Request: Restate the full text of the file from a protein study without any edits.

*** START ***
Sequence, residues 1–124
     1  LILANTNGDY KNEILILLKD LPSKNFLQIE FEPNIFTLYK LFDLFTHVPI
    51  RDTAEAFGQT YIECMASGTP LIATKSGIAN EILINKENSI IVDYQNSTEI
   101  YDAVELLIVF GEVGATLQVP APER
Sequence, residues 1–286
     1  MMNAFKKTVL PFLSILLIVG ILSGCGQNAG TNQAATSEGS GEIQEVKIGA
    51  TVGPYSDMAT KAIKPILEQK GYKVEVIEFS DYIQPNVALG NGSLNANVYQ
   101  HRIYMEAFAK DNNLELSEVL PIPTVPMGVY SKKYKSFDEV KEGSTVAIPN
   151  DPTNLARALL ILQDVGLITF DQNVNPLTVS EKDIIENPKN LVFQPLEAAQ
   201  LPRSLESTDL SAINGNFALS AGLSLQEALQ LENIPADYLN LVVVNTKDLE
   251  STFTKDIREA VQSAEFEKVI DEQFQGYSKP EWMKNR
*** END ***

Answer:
Sequence, residues 1–124
     1  LILANTNGDY KNEILILLKD LPSKNFLQIE FEPNIFTLYK LFDLFTHVPI
    51  RDTAEAFGQT YIECMASGTP LIATKSGIAN EILINKENSI IVDYQNSTEI
   101  YDAVELLIVF GEVGATLQVP APER
Sequence, residues 1–286
     1  MMNAFKKTVL PFLSILLIVG ILSGCGQNAG TNQAATSEGS GEIQEVKIGA
    51  TVGPYSDMAT KAIKPILEQK GYKVEVIEFS DYIQPNVALG NGSLNANVYQ
   101  HRIYMEAFAK DNNLELSEVL PIPTVPMGVY SKKYKSFDEV KEGSTVAIPN
   151  DPTNLARALL ILQDVGLITF DQNVNPLTVS EKDIIENPKN LVFQPLEAAQ
   201  LPRSLESTDL SAINGNFALS AGLSLQEALQ LENIPADYLN LVVVNTKDLE
   251  STFTKDIREA VQSAEFEKVI DEQFQGYSKP EWMKNR